Having to "dirty one's hands" as it were with violence strikes the New Upper Class as terribly gauche. And as they mostly live in small urban enclaves with extremely heavy policing, and awesome personal security (check out some of the co-op buildings in NYC), they associate guns with the lower classes, whether those be Bible-thumping, inbred rednecks or blunt-smokin' ghetto hoodlums.
The truly rich, of course, have men with guns around them at all times as personal security. The hypocrisy of the Hollywood millionaires calling for gun control, when they live off glorification of gun violence in their work and then surround themselves with men with guns as bodyguards, has been noted. The hypocrisy of Diane Feinstein and the rest of the political classes, who travel with armed guards 24-7 (often paid for by taxpayers) is unnoticed by the media. And the list goes on.
The New Upper Class sees no hypocrisy there, since violence -- like cleaning the house -- is the province of "professionals." They simply cannot understand why these gun nuts insist on wanting to do the dirty work themselves, when the police -- all heroic, all public servants -- should simply be allowed to do their jobs.
But, at the heart of the identity is the unspoken notion that it's okay for one of them to have a gun, because they will be responsible, because they are smarter, because they are more capable, because ... they are noble. Not, you understand, that they would, but if anyone should, it's one of the New Upper Class ....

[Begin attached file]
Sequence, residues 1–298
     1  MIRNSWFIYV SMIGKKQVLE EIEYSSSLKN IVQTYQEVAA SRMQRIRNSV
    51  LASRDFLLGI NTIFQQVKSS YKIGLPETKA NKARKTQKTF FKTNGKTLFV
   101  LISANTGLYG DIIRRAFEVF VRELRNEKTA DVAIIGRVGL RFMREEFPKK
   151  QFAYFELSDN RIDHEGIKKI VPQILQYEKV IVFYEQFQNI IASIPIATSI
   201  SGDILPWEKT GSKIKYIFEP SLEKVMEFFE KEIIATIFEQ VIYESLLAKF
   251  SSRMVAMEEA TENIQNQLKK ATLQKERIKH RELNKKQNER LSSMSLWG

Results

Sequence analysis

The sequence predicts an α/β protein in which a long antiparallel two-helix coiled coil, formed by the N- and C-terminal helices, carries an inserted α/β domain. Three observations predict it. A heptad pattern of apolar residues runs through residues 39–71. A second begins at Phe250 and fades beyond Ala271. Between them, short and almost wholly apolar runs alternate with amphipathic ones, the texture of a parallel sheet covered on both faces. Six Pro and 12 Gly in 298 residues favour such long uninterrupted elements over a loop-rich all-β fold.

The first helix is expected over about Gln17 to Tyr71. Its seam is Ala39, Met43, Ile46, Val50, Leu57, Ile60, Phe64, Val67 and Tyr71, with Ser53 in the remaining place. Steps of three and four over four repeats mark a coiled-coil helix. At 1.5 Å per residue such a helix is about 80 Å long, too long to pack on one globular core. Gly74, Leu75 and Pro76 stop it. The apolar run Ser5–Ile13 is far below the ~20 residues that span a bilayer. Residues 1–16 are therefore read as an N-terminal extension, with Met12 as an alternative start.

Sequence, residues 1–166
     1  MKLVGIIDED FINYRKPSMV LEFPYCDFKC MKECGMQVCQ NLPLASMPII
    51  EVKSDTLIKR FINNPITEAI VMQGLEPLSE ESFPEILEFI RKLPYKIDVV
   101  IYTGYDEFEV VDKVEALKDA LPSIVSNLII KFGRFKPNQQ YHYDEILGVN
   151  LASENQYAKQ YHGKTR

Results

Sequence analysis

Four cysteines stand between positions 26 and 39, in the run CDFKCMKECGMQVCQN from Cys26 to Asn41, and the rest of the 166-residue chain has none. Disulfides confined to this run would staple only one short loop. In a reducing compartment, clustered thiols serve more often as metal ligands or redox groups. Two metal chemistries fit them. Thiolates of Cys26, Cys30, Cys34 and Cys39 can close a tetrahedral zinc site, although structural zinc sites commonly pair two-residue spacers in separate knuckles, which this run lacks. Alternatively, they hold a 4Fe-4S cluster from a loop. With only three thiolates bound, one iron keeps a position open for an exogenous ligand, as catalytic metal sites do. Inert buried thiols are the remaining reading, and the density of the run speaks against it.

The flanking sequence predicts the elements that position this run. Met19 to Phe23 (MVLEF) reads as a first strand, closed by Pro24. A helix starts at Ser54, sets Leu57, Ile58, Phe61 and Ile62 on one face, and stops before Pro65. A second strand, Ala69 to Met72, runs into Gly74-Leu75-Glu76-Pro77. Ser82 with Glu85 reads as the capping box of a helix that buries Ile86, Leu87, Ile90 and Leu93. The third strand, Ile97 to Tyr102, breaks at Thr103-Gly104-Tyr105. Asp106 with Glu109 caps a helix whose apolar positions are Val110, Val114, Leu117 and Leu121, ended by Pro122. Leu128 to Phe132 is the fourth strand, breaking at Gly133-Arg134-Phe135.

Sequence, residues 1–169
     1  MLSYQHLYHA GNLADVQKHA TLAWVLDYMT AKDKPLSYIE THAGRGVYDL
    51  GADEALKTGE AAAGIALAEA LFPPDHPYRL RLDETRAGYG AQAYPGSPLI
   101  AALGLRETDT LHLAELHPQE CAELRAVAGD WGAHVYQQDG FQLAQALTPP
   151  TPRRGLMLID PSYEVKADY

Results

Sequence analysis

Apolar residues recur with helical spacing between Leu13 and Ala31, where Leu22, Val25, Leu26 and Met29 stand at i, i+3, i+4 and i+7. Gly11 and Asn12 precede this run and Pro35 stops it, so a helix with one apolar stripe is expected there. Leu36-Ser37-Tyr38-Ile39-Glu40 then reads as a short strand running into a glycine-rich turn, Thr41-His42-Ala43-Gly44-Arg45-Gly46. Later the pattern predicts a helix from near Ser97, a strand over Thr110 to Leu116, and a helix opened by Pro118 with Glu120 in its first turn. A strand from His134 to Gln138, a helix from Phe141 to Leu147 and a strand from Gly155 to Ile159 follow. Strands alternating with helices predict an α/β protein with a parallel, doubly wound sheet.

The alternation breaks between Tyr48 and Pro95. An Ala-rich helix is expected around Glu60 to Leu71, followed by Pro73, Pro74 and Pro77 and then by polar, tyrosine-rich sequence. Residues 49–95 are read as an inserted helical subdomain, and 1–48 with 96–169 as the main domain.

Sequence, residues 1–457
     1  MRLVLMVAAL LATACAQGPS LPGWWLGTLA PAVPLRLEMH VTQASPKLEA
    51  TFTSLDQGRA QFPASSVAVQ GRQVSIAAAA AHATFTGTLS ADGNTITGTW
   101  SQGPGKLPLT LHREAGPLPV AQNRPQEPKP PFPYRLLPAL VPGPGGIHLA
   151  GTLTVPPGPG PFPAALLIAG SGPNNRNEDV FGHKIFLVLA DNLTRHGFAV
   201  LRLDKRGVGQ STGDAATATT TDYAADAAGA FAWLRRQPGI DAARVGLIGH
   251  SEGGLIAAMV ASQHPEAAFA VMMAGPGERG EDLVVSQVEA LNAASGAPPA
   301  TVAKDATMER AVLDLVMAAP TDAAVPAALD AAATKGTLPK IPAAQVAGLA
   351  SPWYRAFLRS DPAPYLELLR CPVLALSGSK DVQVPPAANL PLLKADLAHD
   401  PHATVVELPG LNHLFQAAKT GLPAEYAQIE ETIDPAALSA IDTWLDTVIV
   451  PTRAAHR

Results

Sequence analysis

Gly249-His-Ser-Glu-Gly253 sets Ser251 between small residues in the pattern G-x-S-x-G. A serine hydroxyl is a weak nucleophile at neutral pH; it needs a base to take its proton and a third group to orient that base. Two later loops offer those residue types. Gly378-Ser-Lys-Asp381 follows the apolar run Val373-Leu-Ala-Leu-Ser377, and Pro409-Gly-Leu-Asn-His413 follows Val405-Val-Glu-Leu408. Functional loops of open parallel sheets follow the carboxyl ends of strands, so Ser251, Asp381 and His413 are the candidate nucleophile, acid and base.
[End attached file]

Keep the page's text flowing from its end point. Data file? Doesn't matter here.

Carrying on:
The Wrath of the Distrusted & the Distrusting
I think this new class consciousness is what gives an extra emotional frisson to the gun debates. It hearkens back centuries and millennia to when the nobles were armed, and the serfs were forbidden to own weapons or even in many cases to be taught how to use them ... except as conscripts for milord's militia.
The gun owners who begin with the belief that man is fallen, and therefore protection of life, limb, and liberty is the paramount individual right of human beings, understand the unspoken meaning in the efforts of the New Upper Class: you are peasants.
In a society like Korea, where the yangban-ssangnom distinction is 5,000 years old ... that is likely no real insult. In a society like America, founded on the radical notion that there are no class differences; that everyone is a nobleman, a free-born citizen entitled to all of the rights and privileges of feudal lords, disarmament goes beyond simple political argument: it goes to the heart of our society, to the heart of our individual understanding of ourselves as Americans.
The criminals are never the ones to complain about gun control. First, they know they would just break those silly laws, since they plan on breaking far bigger ones. But second, they know instinctively that they are indeed outlaws -- outside the law, outside civil society.
It is the law-abiding citizen, who has always considered himself just as good as anybody else, the equal of Presidents and CEOs, who cannot tolerate the idea that he cannot be trusted with a weapon. Suddenly, he feels not only the anger of the anti-gun people, but also their disdain for his lifestyle, for his beliefs, for him.
Conversely, the resistance by the law-abiding citizen, the New Middle Class, is an unconscionable reminder to the New Upper Class that no matter how much money they have, no matter how much they might know about French vineyards, no matter how many years of Ivy League education they've had ... they're not superior to their janitor as a person. Americans do not, yet, recognize the noble-peasant distinction. And that is equally intolerable for them. Because for them, as it once was for me, their own identity is intrinsically tied up in their superiority to others. They're not just smarter people, you see; they're better people.
What Say You?
I'm quite likely dead wrong about this idea, that gun control is such a passionate topic because of difference in deep beliefs about human beings, and because of class differences between our New Upper Class elites and everyone else. But then again, I don't know ... I feel like I've got something here.
What say you?